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12 Top-Rated Things to Do in Yorkshire

Written by Bryan Dearsley
Nov 17, 2022

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One of the most visited regions of the UK, the historic county of Yorkshire has plenty to offer those seeking fun things to do while on vacation in England. Set on the east coast of Northern England and known officially as the County of York, Yorkshire is in fact split into four individual counties for administrative purposes: North Yorkshire, South Yorkshire, West Yorkshire, and the East Riding of Yorkshire.

Yorkshire is Britain's largest county and one of the best places to visit if you're seeking an authentic English travel experience. Here, you'll find everything from stunning old cathedrals to perfectly preserved medieval-era homes and shopfronts rubbing shoulders with world-class museums, art galleries, and entertainment facilities.

It's also easy getting to Yorkshire from London. It's also easy to get around by car or bus, with most of its remotest corners accessible by a good road network.

To learn more about the county's numerous attractions, be sure to read through our list of the top things to do in Yorkshire.

1. Take a Tour of York Minster

York Minster
York Minster | Photo Copyright: Bryan Dearsley

Immensely walkable, the beautiful city of York makes for an ideal location to begin your Yorkshire adventure. One of the city's top attractions is undoubtedly its impressive cathedral: York Minster. England's largest medieval cathedral, York Minster was constructed in the 1200s and is as attractive on the inside as it is on the outside.

Notable features include its spectacular stained-glass windows, in particular the famous Pilgrimage Window. Added in the early 14th century, it's unusual for its golden dragon and monkey.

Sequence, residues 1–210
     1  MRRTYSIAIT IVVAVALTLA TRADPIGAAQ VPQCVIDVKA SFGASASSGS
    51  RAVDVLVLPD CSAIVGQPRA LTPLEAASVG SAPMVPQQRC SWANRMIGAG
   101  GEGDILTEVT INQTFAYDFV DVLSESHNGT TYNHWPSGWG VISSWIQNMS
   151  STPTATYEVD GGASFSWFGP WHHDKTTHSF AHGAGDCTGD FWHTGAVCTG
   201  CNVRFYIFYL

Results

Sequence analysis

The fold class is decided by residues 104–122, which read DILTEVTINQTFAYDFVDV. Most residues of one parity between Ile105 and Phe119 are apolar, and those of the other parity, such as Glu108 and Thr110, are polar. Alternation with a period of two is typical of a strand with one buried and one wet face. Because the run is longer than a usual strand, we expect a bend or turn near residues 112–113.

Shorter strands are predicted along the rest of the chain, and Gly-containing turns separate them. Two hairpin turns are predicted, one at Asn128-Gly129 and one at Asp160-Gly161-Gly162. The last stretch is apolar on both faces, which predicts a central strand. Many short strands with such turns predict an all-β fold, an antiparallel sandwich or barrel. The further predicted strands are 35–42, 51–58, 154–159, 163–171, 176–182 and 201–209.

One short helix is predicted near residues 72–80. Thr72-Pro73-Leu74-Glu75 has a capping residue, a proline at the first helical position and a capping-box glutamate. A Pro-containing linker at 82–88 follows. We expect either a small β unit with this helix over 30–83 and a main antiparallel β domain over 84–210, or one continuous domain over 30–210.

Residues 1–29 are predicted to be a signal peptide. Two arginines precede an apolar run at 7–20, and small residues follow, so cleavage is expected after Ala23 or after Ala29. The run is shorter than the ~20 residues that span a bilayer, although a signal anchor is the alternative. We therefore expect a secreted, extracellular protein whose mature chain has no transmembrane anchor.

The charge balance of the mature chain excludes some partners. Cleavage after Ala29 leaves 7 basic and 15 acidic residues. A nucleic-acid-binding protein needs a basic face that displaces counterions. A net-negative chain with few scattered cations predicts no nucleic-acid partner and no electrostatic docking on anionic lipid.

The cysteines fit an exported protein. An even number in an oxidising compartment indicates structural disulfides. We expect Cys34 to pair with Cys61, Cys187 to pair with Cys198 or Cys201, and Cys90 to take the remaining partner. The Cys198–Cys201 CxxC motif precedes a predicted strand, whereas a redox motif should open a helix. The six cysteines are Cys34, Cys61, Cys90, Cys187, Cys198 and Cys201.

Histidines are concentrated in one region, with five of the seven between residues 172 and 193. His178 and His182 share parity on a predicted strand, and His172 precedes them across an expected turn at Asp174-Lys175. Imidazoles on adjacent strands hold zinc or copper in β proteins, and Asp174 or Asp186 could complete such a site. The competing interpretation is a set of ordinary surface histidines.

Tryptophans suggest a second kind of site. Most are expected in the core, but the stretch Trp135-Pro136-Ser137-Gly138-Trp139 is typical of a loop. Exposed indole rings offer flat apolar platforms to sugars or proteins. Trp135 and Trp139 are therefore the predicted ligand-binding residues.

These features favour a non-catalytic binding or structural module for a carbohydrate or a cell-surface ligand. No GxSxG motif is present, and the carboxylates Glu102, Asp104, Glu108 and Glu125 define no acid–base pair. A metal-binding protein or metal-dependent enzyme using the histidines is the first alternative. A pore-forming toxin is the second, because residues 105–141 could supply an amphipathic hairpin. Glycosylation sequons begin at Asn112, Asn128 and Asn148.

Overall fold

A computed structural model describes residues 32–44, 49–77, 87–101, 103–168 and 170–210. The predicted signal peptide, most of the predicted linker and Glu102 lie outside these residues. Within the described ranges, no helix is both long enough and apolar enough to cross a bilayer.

Also worth seeing, the Cathedral Treasury features fascinating interactive galleries depicting the cathedral's construction and rich history.

For an unforgettable bucket-list adventure, climb the 275 steps of York Minster's Central Tower. You'll be rewarded not just with spectacular views over the city but also of the cathedral's richly decorated interior.

Speaking of views, book one of the spectacular cathedral-view rooms at the fully renovated Principal York.

Even closer to York Minster on Chapter House Street, the historic Grays Court Hotel dates back to the 11th century and is just steps away from the cathedral; it's restaurant, The Bow Room, offers an incredible multi-course dining experience overlooking the hotel's garden and York City Walls.

Address: Deangate, York, North Yorkshire, England

Official site: https://yorkminster.org

2. Take the Train to the National Railway Museum, York

National Railway Museum
National Railway Museum | Photo Copyright: Bryan Dearsley

One of the top free things to do in York for families is a visit to the National Railway Museum. While only a short stroll away from York's historic train station, it's a big museum, so be sure to allow plenty of time to see it all.

In addition to its huge collection of historic steam engines and carriages, many of which you can see from specially raised viewing platforms, the museum is home to the Rocket, the country's first passenger service. Plenty of modern engines are included, too, including high-speed British and overseas examples. A number of Royal carriages are also on display.

In addition to a well-stocked shop selling train-related models, toys, and books, a fun afternoon tea experience aboard a historic Royal carriage is also available.

Address: Leeman Road, York, England

Official site: www.nrm.org.uk

3. Visit the Royal Armouries Museum, Leeds

Royal Armouries Museum
Royal Armouries Museum

The county town of West Yorkshire, Leeds offers plenty of fun things to do. Topping most lists is paying a visit to the Royal Armouries Museum. Here, you'll find the UK's official collection of old arms and armor, including examples from around the world.

Laid out in a series of themed galleries, must-sees include the Tournament Gallery, with its displays relating to knights and jousting, including original armor once worn by King Henry VIII; and the international collection, which includes rarities from Europe, Asia, and Africa.

Tolkien fans will also want to visit the museum's collection of weaponry props used in the making of the hit Lord of the Rings movies.